Last Updated on January 11, 2022 by Real Men Sow
Even a small backyard can offer birds a variety of natural food sources all year. This is especially important in autumn, when temperatures drop and food becomes scarcer. If you are looking for some great plants for birds to keep these beautiful animals around then keep reading!
Top 10 Plants For Birds in the UK
Rowan will bear berries depending on the species you choose. Planting crab apples will also attract starlings and blackbirds.
Shiny clusters of haws are able to stay on hawthorn trees through February or March. They are the favorite berry of redwings, blackbirds, and fieldfares, and they are also enjoyed by many other species, such as chaffinches and starlings. The caterpillars of many moth species eat the leaves, which provide food for young birds in spring.
Honeysuckle, being a climber, is great for tight spaces. It provides shelter and berries for birds like bullfinches, warblers, and thrushes in autumn. Its scented flowers attract butterflies and provide food for many birds in summer.
From autumn, the small red berries that grow on the branches of this shrub can be found throughout the year. The berries of this shrub are very popular with garden birds like blackbirds, thrushes, and waxwings. They are often the first to go.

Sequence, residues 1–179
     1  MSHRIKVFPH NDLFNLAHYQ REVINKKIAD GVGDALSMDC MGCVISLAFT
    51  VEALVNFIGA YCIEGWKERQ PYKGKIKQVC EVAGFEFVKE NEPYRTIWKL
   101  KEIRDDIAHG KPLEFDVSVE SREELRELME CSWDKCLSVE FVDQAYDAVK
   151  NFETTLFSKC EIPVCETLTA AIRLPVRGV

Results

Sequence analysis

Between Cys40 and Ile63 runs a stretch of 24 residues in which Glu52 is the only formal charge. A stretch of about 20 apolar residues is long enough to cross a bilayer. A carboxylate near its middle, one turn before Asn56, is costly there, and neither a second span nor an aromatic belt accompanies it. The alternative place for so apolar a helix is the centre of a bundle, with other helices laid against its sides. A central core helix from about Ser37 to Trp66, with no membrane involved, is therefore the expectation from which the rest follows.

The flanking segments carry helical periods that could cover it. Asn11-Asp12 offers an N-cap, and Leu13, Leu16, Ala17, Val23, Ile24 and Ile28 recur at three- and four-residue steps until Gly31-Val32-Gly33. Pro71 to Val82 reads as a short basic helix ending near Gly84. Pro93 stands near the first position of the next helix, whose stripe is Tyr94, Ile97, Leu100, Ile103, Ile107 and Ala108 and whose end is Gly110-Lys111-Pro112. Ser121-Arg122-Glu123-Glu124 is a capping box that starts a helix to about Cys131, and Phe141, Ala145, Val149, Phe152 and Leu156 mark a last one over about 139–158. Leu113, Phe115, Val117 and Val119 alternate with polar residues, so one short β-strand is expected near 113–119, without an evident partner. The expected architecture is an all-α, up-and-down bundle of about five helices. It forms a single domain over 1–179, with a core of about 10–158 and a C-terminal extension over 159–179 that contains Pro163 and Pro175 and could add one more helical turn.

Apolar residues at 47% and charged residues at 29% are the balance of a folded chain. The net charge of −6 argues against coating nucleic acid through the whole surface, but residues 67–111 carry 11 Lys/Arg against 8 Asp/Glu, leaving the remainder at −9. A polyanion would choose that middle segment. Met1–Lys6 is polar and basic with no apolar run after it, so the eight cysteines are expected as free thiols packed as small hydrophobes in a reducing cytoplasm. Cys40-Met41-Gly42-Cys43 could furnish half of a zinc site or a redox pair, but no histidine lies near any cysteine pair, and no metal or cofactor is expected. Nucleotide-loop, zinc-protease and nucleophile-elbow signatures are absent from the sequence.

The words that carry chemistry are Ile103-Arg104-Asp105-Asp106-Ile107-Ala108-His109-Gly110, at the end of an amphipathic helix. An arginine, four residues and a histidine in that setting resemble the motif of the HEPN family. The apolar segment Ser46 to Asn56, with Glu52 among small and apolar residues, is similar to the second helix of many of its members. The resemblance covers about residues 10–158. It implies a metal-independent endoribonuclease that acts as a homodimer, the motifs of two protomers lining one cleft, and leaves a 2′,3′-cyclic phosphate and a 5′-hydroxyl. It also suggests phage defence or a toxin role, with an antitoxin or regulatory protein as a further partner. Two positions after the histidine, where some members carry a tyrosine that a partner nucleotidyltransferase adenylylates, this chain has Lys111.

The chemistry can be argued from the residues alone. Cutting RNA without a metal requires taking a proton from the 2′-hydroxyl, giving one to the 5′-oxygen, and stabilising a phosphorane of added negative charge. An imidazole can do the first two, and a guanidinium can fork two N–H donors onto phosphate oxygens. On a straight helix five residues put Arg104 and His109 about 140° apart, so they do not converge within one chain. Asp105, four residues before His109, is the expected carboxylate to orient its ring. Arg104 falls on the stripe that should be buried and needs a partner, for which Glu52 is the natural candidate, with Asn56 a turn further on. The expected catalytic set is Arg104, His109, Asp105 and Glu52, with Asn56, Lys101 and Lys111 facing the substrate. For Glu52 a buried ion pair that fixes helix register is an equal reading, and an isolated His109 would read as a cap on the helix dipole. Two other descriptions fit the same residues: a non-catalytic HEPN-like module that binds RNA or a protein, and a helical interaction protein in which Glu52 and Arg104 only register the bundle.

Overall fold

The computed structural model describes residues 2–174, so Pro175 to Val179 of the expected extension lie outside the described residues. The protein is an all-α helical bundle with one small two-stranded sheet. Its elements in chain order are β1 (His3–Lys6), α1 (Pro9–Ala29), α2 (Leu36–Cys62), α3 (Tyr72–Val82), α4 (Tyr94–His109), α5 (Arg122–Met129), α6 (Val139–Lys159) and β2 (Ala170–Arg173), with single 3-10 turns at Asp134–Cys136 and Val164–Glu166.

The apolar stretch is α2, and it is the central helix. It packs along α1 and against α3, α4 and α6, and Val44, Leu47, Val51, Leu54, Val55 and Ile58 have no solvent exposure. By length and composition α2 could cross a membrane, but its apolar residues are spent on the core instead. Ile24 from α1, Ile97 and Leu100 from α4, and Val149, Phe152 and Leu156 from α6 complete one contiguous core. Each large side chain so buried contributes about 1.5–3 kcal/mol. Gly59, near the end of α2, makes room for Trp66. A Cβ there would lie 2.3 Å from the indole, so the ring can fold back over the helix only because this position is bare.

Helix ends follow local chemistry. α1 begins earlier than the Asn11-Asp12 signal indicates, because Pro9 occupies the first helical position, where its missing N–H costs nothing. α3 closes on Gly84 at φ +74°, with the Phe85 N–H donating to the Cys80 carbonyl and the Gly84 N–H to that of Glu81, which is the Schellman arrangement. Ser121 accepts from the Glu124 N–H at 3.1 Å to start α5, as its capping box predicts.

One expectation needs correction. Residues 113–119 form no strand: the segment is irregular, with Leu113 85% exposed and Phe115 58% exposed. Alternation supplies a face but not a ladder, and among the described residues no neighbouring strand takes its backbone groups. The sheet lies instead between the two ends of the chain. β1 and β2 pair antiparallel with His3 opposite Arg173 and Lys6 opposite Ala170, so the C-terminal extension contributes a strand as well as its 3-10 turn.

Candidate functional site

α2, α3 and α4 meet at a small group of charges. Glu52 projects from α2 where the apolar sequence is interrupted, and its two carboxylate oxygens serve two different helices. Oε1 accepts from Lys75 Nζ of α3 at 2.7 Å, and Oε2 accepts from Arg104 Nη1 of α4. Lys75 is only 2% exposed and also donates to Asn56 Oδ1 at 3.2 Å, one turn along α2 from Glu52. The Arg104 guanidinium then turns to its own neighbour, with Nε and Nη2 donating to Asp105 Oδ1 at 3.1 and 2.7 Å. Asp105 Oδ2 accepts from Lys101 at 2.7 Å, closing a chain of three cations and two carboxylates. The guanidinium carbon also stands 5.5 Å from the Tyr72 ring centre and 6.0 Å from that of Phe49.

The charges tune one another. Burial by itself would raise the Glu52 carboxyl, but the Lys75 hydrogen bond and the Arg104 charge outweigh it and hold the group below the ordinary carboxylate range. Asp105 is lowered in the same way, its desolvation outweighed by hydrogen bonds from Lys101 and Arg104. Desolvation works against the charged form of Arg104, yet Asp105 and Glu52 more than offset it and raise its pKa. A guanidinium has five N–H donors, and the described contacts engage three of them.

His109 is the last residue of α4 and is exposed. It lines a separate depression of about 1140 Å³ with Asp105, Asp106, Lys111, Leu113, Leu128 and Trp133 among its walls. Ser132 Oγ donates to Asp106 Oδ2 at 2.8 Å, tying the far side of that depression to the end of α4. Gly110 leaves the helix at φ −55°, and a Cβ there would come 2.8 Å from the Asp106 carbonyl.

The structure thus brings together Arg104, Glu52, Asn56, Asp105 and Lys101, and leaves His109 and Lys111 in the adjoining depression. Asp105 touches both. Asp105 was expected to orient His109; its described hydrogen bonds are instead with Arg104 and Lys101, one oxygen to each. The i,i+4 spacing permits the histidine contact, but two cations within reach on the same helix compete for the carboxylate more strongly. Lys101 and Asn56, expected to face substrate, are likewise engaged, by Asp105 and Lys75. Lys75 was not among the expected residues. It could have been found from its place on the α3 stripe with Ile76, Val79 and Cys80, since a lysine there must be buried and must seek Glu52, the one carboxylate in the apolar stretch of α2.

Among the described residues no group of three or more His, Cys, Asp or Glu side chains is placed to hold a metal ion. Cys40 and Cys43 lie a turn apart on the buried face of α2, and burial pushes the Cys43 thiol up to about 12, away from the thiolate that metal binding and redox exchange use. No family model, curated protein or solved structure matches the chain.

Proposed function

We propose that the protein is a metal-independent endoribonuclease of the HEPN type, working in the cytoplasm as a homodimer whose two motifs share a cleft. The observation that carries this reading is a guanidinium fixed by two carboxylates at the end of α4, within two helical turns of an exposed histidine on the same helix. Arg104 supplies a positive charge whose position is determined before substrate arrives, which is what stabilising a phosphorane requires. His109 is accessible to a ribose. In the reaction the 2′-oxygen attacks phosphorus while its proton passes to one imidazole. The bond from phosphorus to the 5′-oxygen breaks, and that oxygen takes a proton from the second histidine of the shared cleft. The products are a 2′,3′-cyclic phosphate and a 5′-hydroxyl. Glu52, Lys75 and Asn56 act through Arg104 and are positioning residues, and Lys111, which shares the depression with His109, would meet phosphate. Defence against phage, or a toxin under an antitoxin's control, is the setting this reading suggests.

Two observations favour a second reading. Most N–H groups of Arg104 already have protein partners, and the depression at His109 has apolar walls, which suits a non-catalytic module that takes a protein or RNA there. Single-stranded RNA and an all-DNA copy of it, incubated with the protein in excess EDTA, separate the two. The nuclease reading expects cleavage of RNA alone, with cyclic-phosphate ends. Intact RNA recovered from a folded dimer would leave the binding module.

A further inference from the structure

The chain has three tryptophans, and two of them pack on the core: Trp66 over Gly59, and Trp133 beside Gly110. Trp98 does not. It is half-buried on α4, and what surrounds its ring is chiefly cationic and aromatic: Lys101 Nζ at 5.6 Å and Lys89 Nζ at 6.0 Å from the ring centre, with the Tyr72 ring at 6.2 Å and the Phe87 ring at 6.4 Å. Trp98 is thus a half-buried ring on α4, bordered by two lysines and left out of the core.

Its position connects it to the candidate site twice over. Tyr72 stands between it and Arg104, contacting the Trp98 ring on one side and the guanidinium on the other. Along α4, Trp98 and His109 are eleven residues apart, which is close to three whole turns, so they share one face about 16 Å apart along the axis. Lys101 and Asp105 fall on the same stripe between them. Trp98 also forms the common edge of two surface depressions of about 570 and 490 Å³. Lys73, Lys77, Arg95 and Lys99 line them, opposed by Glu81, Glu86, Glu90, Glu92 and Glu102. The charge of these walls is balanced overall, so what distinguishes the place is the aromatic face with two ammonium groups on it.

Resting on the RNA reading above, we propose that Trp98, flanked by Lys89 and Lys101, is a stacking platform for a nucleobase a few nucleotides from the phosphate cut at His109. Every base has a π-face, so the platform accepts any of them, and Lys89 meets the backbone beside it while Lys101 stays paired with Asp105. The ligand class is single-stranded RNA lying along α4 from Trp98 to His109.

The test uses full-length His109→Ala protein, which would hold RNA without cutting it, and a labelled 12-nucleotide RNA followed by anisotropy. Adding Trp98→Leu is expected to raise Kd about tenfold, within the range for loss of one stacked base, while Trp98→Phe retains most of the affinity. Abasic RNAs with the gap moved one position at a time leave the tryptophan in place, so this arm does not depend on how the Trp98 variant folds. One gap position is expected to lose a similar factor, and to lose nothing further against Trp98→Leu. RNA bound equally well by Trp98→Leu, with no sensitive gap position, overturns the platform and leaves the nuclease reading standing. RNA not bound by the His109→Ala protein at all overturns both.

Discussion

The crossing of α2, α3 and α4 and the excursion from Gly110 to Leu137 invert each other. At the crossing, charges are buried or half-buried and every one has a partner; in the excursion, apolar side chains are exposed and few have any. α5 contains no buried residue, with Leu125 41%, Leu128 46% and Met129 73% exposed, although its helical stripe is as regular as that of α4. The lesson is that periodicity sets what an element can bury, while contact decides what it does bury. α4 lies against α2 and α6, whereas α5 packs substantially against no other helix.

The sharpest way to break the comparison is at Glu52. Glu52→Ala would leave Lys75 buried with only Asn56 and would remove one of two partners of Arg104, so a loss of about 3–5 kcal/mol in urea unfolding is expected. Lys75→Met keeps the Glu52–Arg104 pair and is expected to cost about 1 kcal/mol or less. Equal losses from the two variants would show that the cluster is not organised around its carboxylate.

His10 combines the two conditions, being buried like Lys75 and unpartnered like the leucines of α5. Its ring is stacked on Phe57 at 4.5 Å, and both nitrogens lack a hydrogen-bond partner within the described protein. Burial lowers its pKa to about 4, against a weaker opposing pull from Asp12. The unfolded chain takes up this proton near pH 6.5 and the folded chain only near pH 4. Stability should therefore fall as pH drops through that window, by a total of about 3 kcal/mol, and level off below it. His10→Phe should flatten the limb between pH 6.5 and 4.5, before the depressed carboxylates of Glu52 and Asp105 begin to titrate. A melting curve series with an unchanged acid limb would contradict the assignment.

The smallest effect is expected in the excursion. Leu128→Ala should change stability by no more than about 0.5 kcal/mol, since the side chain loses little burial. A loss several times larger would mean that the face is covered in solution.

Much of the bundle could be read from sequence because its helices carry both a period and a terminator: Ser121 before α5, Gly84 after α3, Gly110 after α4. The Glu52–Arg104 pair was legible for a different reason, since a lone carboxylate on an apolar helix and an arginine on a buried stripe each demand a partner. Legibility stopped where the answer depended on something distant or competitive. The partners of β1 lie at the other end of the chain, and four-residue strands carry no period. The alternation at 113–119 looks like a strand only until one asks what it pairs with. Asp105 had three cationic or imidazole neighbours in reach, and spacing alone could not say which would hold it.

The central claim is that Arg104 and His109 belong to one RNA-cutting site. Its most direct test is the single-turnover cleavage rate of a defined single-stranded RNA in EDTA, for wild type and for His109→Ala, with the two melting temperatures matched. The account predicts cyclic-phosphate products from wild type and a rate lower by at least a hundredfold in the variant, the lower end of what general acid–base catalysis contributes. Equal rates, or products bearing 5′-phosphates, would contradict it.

To make large seed heads, remove the old flowers from this sun-loving annual. The many sunflower seeds are tightly packed in the center and provide oil-rich nourishment for finches, long-tailed tail tits, nuthatches, and other seed-eating birds throughout autumn. Sunflowers also can be grown in pots if you have a small garden.
Viburnum opulus is a native deciduous shrub that bears large clusters of shiny berries from November to March. These berries are especially loved by bullfinches and mistle thrushes. This makes a great hedge plant.
Even though holly berries can be ripe in autumn, birds like song thrushes and blackbirds, fieldfares, redwings and fieldfares don’t usually eat them until the end of winter. To ensure that berries are produced by only female plants, there must be at least one male near to them.
Autumn’s ivy flowers attract insects which then provide food for robins, wrens, and starlings. Black berries are eaten by all kinds of birds, including starlings, jays, thrushes and waxwings. The leaves are food for the caterpillars of holly-blue butterflies, and nesting and roosting shelters for birds.
Rosa rugosa, a hedging rose, produces some of the largest rose hips. These are eaten by fieldfares, blackbirds and mistle thrushes. Rosa canina’s smaller hips, which are edible by a greater variety of birds, stay fresh until the end of winter.
This architectural plant is a stronghold in naturalistic gardening. Teasels produce striking seed heads in the early autumn. These can last up to December depending on the weather. The seed heads are a favorite food source for buntings, sparrows, and goldfinches.